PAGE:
10News was the first to bring you the story of Todd Fassler, who was bitten by a rattlesnake at the Barona Speedway on July 4. “He paralyzed my body … My tongue was sticking out, my eyes were to the side,” Fassler told 10News. Fassler was bitten as he was trying to get a selfie with the snake.
The story gained a much wider audience after the reporter who broke that story tweeted a copy of the hospital bill Fassler received following treatment of the near-fatal wound. That image continues to be featured in memes and other social media posts years later. Fassler’s stay, which lasted from 4 July 2015 to 9 July 2015, resulted in a bill for $153,000:
Remember the Rattlesnake bite story I did Monday? Guy just sent me this pic of his bill. Uhhhhhhh….. pic.twitter.com/ahK2W9KxVg
— Dan Haggerty (@HaggertyCBS11) July 16, 2015
The story is factual, and in the words of the Washington Post’s WonkBlog, it represents “everything wrong with American health care.” The most significant cost, at $83,341.25, was for pharmaceuticals. Here, the culprit was a lack of competition in the pharmaceutical industry (aided in part by patent lawsuits) and the resulting ability for a single company to drive the antivenom (also referred to as antivenin) market:
There’s currently [at the time of writing in 2015] only one commercially available antivenin for treating venomous snakebites in the United States — CroFab, manufactured by U.K.-based BTG plc. And with a stable market of 7,000 to 8,000 snakebite victims per year and no competitors, business is pretty good. BTG’s latest annual report shows CroFab sales topped out at close to 63 million British pounds, or $98 million dollars, last fiscal year. […] BTG has fought aggressively to keep competitors off the market. […] This lack of competition is one reason that snakebite treatments rack up such huge hospital bills.
As a result of the complex process of negotiation between insurance companies, hospitals, and drug manufacturers, the cost of an individual dose of CroFab is not easily represented as a simple dollar figure. As reported by CBS News, the wholesale cost of the drug — then around $2,500 — does not represent what ends up being billed to the patient:
The wholesale rate that hospitals pay to the manufacturer is $2,500 per vial and the markup to patients and insurance is much higher.
Fassler, it bears mentioning, “depleted the anti-venom stash at two different hospitals,” according to 10News. Due to the rarity of use, the amount of antivenom a hospital has on hand at any time is variable, as is the amount any given patient might need. Other notable rattlesnake bite cases have resulted in similarly astronomical costs. A Maryland woman received a $55,000 bill after a copperhead snake bite in 2013. A North Carolina man was hit was an $89,000 bill for a snake bite that same year. In 2012, a UC San Diego exchange student was given a $144,000 hospital bill after a rattlesnake bite.
Beginning in October 2018, a new antivenom drug will be available to the general public, which will introduce competition into the snake bite pharmaceutical industry — although it is unclear what effect this will have on the overall cost of this kind of emergency treatment.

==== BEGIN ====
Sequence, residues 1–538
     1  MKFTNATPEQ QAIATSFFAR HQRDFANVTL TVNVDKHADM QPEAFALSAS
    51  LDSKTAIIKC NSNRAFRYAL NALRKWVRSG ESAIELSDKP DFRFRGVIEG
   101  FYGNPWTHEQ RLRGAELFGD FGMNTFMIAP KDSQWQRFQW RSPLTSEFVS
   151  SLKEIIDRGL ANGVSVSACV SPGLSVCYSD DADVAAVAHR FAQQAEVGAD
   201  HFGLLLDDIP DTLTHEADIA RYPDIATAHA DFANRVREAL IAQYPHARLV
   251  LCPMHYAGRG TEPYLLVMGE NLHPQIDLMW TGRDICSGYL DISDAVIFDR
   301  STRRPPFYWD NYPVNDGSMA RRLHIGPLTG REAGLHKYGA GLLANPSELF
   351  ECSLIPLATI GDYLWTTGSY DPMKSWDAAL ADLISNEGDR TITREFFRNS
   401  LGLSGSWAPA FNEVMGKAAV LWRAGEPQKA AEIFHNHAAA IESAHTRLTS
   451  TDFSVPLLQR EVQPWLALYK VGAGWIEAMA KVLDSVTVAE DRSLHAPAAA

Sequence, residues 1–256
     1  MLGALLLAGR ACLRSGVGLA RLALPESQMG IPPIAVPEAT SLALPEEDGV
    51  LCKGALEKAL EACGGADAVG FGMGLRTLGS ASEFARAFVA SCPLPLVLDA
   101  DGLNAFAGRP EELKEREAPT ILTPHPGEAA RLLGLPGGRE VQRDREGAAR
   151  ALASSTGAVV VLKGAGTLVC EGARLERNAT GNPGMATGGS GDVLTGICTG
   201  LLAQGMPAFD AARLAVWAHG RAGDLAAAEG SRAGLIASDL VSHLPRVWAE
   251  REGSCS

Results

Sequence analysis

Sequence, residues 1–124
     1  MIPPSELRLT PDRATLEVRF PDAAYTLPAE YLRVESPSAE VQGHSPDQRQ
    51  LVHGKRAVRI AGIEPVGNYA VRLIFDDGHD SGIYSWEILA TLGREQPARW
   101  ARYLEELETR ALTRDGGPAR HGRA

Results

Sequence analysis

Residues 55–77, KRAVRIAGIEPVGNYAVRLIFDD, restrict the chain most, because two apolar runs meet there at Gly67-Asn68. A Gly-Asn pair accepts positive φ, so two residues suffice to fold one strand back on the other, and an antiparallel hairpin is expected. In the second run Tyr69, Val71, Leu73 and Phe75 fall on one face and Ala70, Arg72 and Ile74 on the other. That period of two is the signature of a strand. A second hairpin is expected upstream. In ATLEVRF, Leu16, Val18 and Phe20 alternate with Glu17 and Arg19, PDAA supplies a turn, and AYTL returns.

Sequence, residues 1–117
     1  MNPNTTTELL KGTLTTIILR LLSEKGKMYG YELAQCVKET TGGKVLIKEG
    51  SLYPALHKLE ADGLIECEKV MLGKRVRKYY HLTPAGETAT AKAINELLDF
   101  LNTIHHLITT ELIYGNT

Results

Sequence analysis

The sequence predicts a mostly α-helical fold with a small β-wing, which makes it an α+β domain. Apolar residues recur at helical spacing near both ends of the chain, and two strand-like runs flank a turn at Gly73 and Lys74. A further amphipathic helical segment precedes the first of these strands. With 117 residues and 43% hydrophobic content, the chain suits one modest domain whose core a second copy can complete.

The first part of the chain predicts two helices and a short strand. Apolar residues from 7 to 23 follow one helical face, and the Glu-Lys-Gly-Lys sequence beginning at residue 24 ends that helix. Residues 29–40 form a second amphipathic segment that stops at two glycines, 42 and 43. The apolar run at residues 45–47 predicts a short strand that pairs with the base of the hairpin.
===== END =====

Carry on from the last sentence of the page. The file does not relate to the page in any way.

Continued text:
The second most significant cost Fassler faced was $22,433.00 in laboratory services. A litany of bloodwork and other tests is indicated for cases of snakebites; these costs are also sometimes high, variable and ultimately negotiable between hospital and insurance company.
The third most significant costs were for Fassler’s “Intermediate Care Room” and “Intensive Care Room” stays. According to a 2005 study that attempted (among other things) to quantify average costs of stays in ICUs, the costs of intensive care stays is high right from the moment a patient enters, and higher for people who require mechanical ventilation — something someone who was paralyzed by a venomous bite likely would require for at least some time. The costs estimated in this study are broadly in line with the costs presented in the Fassler’s bill:
Daily costs were greatest on intensive care unit day 1 (mechanical ventilation, 10,794 dollars; no mechanical ventilation, 6,667 dollars), decreased on day 2 (mechanical ventilation:, 4,796 dollars; no mechanical ventilation, 3,496 dollars), and became stable after day 3 (mechanical ventilation, 3,968 dollars; no mechanical ventilation, 3,184 dollars).
Other services are harder to pin down specifically, but a $947.00 charge for radiology is not out of the question, as X-rays are sometimes used to confirm that no bits of snake teeth remain in a patient’s system.
All these costs are real, but they are not necessarily a reflection of what the hospital is expecting to be paid. According to the Washington Post:
The other reason hospitals charge so much [outside of the problems caused by pharmaceutical monopolies] is the byzantine negotiating process that happens between hospitals and insurance companies to determine the final payout amount. In the case of the $143,000 snakebite in 2012, for instance, Scripps Hospital in San Diego explained that “it is important to understand that these charges are not reflective of what Scripps will be paid. […]
In many cases, a hospital bill isn’t actually a bill, but essentially an instrument in a complex negotiation between insurers and caregivers, with bewildered patients stuck in the middle. It’s difficult to know which charges are real and which ones aren’t, and which bills to pay and which ones to ignore. It’s one reason medical debt is a huge factor in so many bankruptcies.
We were unable to contact Fassler, but we have reached out to Dan Haggerty (the reporter who first reported the incident for 10News) to see if he was aware of any updates to Fassler’s case, and what the final outcome may have been.
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